More Reaction. Kyle Dixon stated in a release that "This is a hands-down victory for consumers, maximizing incentives to build competing broadband networks. The Court sent a strong message to the market: `Compete, don't look for government hand-outs.´"
Dixon is Director of the Progress and Freedom Foundation's (PFF) Federal Institute for Regulatory Law & Economics. He was previously an advisor to former FCC Chairman Michael Powell.
The PFF will host a panel discussion on the Supreme Court's opinion at 12:00 NOON on Friday, July 15. See, notice.
Kyle McSlarrow, P/CEO of the National Cable and Telecommunications Association (NCTA), stated in a release that "Today's Supreme Court's decision is a victory for consumers and maintains the momentum to advance broadband in the U.S. Classifying cable modem service as an interstate information service, as the FCC did, keeps this innovative service on the right deregulatory path."
Walter McCormick, P/CEO of U.S. Telecom Association (USTA), stated in a release that "Today's Supreme Court decision clarifies the Commission’s role in setting a framework for service providers in the rapidly changing communications market. While this was the correct decision for the cable industry, it further highlights why all providers must be given the same incentive to invest and deploy new technologies."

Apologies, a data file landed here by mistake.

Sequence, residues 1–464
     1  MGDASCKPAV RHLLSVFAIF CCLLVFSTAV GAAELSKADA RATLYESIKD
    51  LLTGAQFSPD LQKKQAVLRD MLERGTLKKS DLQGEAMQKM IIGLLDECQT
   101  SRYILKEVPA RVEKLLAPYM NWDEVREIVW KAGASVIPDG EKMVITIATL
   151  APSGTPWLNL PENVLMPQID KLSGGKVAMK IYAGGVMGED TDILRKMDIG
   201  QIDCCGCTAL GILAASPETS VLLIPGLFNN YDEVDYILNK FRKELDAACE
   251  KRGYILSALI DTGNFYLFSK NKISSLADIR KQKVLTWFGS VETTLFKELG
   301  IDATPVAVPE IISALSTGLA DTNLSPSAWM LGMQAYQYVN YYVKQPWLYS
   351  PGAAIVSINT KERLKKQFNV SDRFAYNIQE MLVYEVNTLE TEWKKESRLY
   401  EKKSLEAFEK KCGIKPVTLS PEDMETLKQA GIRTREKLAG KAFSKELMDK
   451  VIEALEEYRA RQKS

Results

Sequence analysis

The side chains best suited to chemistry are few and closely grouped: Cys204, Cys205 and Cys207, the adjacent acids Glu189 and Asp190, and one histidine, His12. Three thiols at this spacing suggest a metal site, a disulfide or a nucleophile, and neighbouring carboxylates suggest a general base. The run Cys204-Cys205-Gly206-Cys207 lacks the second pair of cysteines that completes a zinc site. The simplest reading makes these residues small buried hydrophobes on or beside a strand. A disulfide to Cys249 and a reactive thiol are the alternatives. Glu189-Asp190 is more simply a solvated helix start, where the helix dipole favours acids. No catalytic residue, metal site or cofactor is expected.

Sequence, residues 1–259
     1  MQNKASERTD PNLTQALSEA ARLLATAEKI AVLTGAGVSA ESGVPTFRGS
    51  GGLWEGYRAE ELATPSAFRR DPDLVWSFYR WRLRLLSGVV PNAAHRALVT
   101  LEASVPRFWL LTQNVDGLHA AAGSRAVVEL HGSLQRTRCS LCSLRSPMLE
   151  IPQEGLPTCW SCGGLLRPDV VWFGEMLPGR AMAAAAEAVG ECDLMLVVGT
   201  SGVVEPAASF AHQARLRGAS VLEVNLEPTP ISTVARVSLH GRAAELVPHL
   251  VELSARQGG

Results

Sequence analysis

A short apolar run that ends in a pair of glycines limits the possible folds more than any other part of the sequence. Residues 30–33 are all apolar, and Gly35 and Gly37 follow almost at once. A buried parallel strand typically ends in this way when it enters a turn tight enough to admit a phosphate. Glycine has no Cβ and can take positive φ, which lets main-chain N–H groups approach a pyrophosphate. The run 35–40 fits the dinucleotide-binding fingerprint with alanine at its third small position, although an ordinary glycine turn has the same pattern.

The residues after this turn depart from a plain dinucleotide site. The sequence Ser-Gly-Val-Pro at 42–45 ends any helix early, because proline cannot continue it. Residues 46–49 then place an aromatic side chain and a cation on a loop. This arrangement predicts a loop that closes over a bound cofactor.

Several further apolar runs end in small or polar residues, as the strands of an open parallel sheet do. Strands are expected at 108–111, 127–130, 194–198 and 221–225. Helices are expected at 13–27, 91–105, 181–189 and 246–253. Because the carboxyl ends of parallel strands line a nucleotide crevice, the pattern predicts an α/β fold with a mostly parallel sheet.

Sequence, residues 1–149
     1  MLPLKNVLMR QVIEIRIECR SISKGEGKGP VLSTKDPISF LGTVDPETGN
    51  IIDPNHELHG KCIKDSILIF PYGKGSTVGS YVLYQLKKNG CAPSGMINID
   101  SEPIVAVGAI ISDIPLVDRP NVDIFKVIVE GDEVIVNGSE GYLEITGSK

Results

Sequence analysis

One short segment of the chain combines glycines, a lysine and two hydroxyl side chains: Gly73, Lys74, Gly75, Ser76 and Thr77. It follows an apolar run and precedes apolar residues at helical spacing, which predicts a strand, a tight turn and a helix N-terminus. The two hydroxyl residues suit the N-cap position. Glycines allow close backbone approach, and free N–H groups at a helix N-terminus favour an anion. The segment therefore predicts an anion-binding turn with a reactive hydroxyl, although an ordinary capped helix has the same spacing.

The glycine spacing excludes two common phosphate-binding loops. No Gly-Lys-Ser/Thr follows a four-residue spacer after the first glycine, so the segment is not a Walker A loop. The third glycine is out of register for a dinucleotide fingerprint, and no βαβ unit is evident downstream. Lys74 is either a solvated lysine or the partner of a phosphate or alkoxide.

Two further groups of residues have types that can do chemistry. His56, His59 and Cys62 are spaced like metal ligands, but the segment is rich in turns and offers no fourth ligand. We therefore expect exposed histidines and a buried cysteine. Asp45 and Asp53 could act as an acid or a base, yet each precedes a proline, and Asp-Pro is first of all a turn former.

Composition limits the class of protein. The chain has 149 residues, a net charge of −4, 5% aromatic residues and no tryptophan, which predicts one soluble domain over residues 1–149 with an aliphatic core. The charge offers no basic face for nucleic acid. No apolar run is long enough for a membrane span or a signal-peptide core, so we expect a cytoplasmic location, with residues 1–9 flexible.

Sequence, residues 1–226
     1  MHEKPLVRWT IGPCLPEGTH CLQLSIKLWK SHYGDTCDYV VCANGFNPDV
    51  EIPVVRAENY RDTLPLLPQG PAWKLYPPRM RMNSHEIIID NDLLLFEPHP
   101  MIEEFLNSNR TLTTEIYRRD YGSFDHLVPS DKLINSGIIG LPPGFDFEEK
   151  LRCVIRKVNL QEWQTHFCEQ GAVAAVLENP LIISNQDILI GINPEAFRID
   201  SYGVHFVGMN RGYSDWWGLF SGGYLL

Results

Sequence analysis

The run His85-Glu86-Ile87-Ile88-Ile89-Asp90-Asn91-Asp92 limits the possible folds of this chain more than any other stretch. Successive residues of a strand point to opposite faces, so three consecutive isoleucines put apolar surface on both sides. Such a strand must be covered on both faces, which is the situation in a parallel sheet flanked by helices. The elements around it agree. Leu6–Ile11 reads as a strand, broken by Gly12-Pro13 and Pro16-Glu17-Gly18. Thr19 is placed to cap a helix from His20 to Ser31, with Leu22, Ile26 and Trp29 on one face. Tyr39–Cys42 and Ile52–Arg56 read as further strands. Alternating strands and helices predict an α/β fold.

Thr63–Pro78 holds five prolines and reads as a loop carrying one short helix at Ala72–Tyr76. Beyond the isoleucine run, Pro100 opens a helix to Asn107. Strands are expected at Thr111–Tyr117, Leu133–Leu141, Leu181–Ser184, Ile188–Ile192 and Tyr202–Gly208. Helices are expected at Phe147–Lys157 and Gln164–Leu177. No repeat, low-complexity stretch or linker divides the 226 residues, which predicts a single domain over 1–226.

In contrast, Dave Baker, VP of Earthlink, which challenged the FCC's order, stated in a release that "Today's Supreme Court ruling is a blow to consumers and competition. For too long, cable companies and the FCC have denied consumers a choice of broadband providers over cable. Besides keeping prices high, this lack of choice limits the future deployment of innovative voice, video and data services beyond just those offered by the local cable company."
"We will also work with Congress as it revisits the Telecommunications Act in order to ensure customer choice and the future deployment of advanced communications services and applications."
Supreme Court Grants Certiorari in Dagher
6/27. The Supreme Court granted certiorari in Texaco v. Dagher and Shell v. Dagher. See, Order List [11 pages in PDF] at page 3.
The Supreme Court also wrote that "The motion of Washington Legal Foundation for leave to file a brief as amicus curiae is granted. The motion of Visa U.S.A. Inc., et al. for leave to file a brief as amici curiae is granted. The motion of Chamber of Commerce of the United States, et al. for leave to file a brief as amici curiae is granted. The motion of Antitrust Scholars for leave to file a brief as amici curiae is granted. The petitions for writs of certiorari are granted. The cases are consolidated and a total of one hour is allotted for oral argument."